Meh... I don't think I have enough knowledge of modal logic to understand it fully. Little bits and pieces, but I really don't see what he's driving at.

Anyways, I just finally got Plantinga's ontological argument. I felt like Bertrand Russell... ""Great Scott, the ontological argument is sound."" lol.

In order for the MOA to be sound, all the premises have to be true. However, since all the premises just follow after the first; the first premise has to be true. However, no theist, that I know of, has shown the first premise to be true. I think Ryan Stringer's rebuttal against Plantinga's argument is good.
zmikecuber
Posts: 4,083
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1/23/2014 9:03:18 PM
Posted: 2 years ago
At 1/23/2014 8:59:34 PM, Rational_Thinker9119 wrote:
At 1/23/2014 8:56:36 PM, zmikecuber wrote:
At 1/23/2014 8:47:37 PM, Rational_Thinker9119 wrote:
At 1/23/2014 8:46:38 PM, zmikecuber wrote:
At 1/23/2014 8:40:31 PM, Rational_Thinker9119 wrote:
At 1/23/2014 4:13:24 PM, zmikecuber wrote:
At 1/23/2014 8:27:27 AM, Rational_Thinker9119 wrote:
Do any theists on here think this is actually a good argument? By good, I mean sound.

I always thought the ontological arguments were clearly fallacious, and just plain stupid. Now I'm starting to realize they're not nearly as obviously false as they may seem.

Anyways, I really don't have an opinion on the modal ontological argument. If the first premise is true, then sure. I suppose one could argue that the first premise seems intuitively true, but there do seem to be some decent objections to the first premise.

Does you understand Kurt Godel's ontological argument (or anyone else)? It seems to me that I read somewhere he presented arguments for the possibility of a maximally great being...

Also, could't we just say "maximal greatness" and then point out that "maximal greatness" includes intelligence, since to be a being is always "greater"? Otherwise, can't we just say "maximally great unicorn", "maximally great metal-band", etc.?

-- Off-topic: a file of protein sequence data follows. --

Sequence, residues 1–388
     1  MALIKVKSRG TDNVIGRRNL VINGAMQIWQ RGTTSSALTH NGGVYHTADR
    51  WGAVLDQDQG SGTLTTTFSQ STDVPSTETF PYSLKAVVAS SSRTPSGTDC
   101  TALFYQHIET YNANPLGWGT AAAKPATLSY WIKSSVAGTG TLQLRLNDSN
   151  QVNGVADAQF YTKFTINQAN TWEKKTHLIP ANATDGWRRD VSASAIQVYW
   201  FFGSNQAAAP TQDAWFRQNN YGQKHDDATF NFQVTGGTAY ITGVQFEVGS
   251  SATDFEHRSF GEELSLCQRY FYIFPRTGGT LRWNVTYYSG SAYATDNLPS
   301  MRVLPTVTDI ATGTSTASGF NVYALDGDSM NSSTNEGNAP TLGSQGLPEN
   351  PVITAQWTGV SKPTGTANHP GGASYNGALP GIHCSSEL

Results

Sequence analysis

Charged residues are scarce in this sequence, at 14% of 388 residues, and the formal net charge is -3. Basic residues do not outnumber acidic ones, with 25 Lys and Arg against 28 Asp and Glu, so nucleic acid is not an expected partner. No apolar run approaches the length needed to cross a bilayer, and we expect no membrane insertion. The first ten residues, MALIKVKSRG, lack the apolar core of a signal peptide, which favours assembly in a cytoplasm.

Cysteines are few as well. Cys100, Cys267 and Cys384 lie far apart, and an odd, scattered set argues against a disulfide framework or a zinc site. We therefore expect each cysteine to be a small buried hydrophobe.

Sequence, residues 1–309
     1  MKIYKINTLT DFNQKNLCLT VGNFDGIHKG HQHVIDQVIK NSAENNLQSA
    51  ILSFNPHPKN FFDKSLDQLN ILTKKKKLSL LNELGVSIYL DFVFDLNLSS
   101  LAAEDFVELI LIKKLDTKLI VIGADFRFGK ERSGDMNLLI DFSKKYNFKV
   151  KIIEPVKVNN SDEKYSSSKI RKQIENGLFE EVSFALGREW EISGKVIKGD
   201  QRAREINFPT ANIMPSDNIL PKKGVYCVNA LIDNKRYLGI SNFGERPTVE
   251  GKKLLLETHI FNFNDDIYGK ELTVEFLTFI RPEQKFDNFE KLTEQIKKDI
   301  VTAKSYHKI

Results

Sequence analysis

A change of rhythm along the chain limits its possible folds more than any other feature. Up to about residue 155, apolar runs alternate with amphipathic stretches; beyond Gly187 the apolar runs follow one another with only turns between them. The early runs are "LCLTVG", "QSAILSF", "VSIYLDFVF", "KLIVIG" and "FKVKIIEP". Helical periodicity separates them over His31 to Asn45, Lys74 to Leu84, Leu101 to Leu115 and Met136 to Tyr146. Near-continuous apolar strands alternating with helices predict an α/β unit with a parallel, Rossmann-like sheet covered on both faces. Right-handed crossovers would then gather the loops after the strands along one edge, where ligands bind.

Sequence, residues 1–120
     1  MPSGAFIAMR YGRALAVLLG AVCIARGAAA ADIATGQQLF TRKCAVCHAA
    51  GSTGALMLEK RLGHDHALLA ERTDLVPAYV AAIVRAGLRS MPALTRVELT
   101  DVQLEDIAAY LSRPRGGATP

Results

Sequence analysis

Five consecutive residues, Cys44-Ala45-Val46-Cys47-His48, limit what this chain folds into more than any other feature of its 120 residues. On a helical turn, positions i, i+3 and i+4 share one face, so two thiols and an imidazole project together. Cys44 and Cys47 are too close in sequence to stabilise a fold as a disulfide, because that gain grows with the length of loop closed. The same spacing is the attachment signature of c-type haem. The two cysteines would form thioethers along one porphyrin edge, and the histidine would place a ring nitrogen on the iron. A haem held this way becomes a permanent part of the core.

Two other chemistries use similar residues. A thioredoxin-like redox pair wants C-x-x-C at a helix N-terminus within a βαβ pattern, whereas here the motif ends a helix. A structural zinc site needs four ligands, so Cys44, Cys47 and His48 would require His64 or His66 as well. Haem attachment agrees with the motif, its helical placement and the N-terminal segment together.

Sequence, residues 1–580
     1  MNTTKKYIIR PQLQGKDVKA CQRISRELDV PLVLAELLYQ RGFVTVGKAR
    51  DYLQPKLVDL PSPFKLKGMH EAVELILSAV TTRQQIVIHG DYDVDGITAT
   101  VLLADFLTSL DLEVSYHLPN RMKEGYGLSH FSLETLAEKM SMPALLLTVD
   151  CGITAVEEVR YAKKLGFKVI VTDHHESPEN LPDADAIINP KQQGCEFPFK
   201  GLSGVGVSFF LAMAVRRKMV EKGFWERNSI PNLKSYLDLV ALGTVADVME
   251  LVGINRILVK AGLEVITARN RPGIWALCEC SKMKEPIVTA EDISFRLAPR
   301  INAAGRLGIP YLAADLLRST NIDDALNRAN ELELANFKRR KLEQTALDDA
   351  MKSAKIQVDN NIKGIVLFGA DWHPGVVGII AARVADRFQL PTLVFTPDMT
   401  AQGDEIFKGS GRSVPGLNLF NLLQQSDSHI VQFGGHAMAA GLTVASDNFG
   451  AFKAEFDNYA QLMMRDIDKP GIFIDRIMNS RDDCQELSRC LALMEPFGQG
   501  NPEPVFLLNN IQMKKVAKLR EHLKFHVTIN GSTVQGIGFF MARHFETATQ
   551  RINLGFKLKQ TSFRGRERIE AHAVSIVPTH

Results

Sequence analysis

Also, the arguments for possibility are by Robert Maydole, not Kurt Godel (I believe). Kurt Godel's argument is based on Modal Logic, but not Axiom S5 like Plantinga's argument, and I don't think he has any extensive argument for possibility, like Maydole does.

If that's the case, then everything I had guessed at about Godel's ontological argument is incorrect. Lol... Any good places for a person with minimal modal logic knowledge to understand what Godel is getting at?

Read this paper on Godel's Argument: http://www.logic.at...

Meh... I don't think I have enough knowledge of modal logic to understand it fully. Little bits and pieces, but I really don't see what he's driving at.

Anyways, I just finally got Plantinga's ontological argument. I felt like Bertrand Russell... ""Great Scott, the ontological argument is sound."" lol.

Well, it is logically valid. But, I wouldn't call it sound.

Well if you already believe in God, you're alot more likely to agree that it's sound ;P I think most people would accept the first premise.

What of the objection that we can put "maximally great" in front of any noun?
"Delete your fvcking sig" -1hard

"primal man had the habit, when he came into contact with fire, of satisfying the infantile desire connected with it, by putting it out with a stream of his urine... Putting out the fire by micturating was therefore a kind of sexual act with a male, an enjoyment of sexual potency in a homosexual competition."
zmikecuber
Posts: 4,083
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1/23/2014 9:05:48 PM
Posted: 2 years ago
At 1/23/2014 9:02:15 PM, Rational_Thinker9119 wrote:
At 1/23/2014 8:56:36 PM, zmikecuber wrote:
At 1/23/2014 8:47:37 PM, Rational_Thinker9119 wrote:
At 1/23/2014 8:46:38 PM, zmikecuber wrote:
At 1/23/2014 8:40:31 PM, Rational_Thinker9119 wrote:
At 1/23/2014 4:13:24 PM, zmikecuber wrote:
At 1/23/2014 8:27:27 AM, Rational_Thinker9119 wrote:
Do any theists on here think this is actually a good argument? By good, I mean sound.

I always thought the ontological arguments were clearly fallacious, and just plain stupid. Now I'm starting to realize they're not nearly as obviously false as they may seem.